https://www.medscape.com/viewarticle/974363

May 27th, 2022 - The mRNA vaccines are powerful in terms of preventing severe disease with COVID-19 across populations because of the multifaceted immune response they generate, a redundancy that can help among patients on agents which cause immunocompromise. Although antibodies from the vaccines will wane over time, or these antibodies can be less effective against new variants like Omicron, the vaccines do no...

Update on Rabies, TBE, and Cholera Vaccines Before Travel
https://www.medscape.com/viewarticle/974443

May 27th, 2022 - Healthcare providers should be aware of important updates to vaccine recommendations that could affect patients preparing to travel internationally this summer. This includes information about: New rabies pre-exposure prophylaxis guidelines (PrEP); The new tick-borne encephalitis (TBE) vaccine; and Updated cholera vaccine recommendations and a restart of Vaxchora manufacturing and distribution....

UCLA Reinstates Mask Mandate as California COVID Cases Surge
https://www.medscape.com/viewarticle/974729

May 27th, 2022 - Editor's note: Find the latest COVID-19 news and guidance in Medscape's Coronavirus Resource Center. LOS ANGELES (AP) — The University of California, Los Angeles said Thursday it will reinstate an indoor mask policy as coronavirus cases surge in the nation's most populous state, which now forecasts hospitalizations will nearly triple in the next month. UCLA's 45,000 students and all faculty, st...

Baby Formula Shortage Highlights Racial Disparities
https://www.medscape.com/viewarticle/974731

May 27th, 2022 - COLUMBIA, Md. (AP) — Capri Isidoro broke down in tears in the office of a lactation consultant. The mother of two had been struggling to breastfeed her 1-month-old daughter ever since she was born, when the hospital gave the baby formula first without consulting her on her desire to breastfeed. Now, with massive safety recall and supply disruptions causing formula shortages across the United St...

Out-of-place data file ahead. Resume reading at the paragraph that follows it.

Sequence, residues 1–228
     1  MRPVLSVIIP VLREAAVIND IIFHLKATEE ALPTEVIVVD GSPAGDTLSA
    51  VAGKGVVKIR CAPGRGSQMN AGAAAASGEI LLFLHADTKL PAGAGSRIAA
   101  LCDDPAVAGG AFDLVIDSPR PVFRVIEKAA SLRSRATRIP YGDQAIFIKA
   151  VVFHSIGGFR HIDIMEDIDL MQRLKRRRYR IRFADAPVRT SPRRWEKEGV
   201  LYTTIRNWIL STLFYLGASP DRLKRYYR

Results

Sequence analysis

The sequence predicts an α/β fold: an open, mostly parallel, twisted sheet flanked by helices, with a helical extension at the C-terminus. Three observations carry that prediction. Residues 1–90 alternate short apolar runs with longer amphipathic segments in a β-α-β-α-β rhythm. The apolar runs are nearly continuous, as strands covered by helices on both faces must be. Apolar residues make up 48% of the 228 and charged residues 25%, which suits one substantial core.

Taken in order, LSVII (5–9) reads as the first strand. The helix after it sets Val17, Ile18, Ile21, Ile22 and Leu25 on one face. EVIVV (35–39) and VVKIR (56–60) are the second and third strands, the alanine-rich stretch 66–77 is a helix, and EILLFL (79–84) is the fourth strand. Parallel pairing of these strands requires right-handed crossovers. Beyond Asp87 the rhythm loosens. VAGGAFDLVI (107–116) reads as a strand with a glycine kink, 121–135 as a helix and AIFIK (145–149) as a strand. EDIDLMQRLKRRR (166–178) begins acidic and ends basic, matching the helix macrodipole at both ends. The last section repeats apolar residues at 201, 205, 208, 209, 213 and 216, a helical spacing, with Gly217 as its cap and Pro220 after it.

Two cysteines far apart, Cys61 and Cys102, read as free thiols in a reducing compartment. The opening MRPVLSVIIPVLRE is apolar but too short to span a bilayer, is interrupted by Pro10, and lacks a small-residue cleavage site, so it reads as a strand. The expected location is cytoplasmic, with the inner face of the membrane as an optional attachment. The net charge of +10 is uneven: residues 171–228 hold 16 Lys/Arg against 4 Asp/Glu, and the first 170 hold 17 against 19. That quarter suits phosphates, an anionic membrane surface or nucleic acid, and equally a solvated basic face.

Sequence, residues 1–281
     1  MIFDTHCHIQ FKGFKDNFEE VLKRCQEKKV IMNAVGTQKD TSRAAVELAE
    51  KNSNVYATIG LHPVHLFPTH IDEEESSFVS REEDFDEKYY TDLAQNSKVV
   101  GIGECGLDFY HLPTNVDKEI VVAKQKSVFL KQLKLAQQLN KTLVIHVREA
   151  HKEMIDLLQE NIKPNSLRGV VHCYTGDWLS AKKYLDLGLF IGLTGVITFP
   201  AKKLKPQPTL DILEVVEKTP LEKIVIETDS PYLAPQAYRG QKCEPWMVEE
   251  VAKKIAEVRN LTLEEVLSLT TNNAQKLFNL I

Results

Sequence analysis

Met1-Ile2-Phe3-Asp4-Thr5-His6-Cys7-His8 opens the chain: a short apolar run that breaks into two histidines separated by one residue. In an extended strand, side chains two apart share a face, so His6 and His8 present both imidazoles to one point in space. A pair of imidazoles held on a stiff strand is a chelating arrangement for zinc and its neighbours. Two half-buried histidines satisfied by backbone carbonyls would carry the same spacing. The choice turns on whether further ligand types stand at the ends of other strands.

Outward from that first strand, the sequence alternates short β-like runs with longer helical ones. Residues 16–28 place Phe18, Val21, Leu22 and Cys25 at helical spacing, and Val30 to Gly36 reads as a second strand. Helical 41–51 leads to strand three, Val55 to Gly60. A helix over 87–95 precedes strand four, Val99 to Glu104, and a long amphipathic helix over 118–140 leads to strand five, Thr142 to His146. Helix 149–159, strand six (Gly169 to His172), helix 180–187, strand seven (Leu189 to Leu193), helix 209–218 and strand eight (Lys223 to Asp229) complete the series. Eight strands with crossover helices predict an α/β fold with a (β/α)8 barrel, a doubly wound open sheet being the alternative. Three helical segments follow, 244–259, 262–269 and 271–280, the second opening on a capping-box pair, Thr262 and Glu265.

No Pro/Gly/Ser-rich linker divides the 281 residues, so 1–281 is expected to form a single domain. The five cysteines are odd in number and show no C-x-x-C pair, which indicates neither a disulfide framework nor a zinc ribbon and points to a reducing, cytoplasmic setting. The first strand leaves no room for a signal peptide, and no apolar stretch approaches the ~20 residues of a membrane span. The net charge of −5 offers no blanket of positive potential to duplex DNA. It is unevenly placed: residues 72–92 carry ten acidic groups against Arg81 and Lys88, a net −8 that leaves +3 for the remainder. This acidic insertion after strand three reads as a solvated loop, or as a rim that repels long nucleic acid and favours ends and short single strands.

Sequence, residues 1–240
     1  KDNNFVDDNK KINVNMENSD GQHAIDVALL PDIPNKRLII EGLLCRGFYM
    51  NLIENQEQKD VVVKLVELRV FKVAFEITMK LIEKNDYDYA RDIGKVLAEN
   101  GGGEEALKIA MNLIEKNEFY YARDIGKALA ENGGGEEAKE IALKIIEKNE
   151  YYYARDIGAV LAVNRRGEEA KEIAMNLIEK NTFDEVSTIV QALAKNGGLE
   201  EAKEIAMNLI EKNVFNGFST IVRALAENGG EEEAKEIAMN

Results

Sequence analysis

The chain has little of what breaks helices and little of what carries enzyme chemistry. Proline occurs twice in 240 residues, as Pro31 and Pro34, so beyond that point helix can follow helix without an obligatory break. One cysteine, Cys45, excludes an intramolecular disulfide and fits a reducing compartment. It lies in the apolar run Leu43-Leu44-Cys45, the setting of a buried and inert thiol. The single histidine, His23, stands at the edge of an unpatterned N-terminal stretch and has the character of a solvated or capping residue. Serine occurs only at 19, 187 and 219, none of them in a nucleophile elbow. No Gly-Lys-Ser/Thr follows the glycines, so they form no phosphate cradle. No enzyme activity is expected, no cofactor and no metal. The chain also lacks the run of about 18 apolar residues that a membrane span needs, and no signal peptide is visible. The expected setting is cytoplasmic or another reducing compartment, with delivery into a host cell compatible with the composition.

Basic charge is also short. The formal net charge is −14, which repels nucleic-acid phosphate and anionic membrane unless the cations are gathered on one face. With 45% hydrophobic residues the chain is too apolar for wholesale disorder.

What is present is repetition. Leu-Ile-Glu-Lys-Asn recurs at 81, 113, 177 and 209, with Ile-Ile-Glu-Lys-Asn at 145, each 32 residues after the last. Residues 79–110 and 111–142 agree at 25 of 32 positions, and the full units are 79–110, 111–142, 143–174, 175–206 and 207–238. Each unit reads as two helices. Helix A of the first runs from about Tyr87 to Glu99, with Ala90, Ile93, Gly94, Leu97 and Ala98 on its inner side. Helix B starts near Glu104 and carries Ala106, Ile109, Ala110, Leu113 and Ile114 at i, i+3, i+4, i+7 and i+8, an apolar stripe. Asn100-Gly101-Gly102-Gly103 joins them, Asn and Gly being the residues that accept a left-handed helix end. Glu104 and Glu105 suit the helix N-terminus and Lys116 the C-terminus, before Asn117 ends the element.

Gout App Improves Treat to Target, Reduces Flares
https://www.medscape.com/viewarticle/974721

May 27th, 2022 - Self-management of gout using a smartphone app to record self-test urate levels and flares, and communicate those results to clinicians, could see more patients reaching target urate levels and even reducing flare frequency, a study has found. Writing in The Lancet Rheumatology, Philip Riches, PhD, of the rheumatic disease unit at Western General Hospital in Edinburgh, and coauthors presented t...

Study Addresses Whether Isotretinoin Precipitates IBD Flares
https://www.medscape.com/viewarticle/974735

May 27th, 2022 - A limited association exists between the use of isotretinoin for severe acne and worsening of a patient's baseline inflammatory bowel disease, results from a small retrospective study suggests. "Early studies of isotretinoin for use in severe acne suggested the drug may serve as a trigger for new-onset inflammatory bowel disease (IBD)," researchers led by Christina G. Lopez, MD, of the Lewis Ka...

Overlooked: Black Woman Doctor's Key Role in Oncology History 
https://www.medscape.com/viewarticle/974724

May 27th, 2022 - When Jane Cooke Wright, MD, entered the medical profession in 1945, the notion that toxic drugs could target tumors struck many physicians and patients as outlandish. How could one poison be weaponized against another poison — a cancerous tumor — without creating more havoc? Let alone a combination of two or more chemicals? Yet by the time Wright retired in 1987, chemotherapy treatments that sh...

Screening Finds Albuminuria in 3% of Community Adults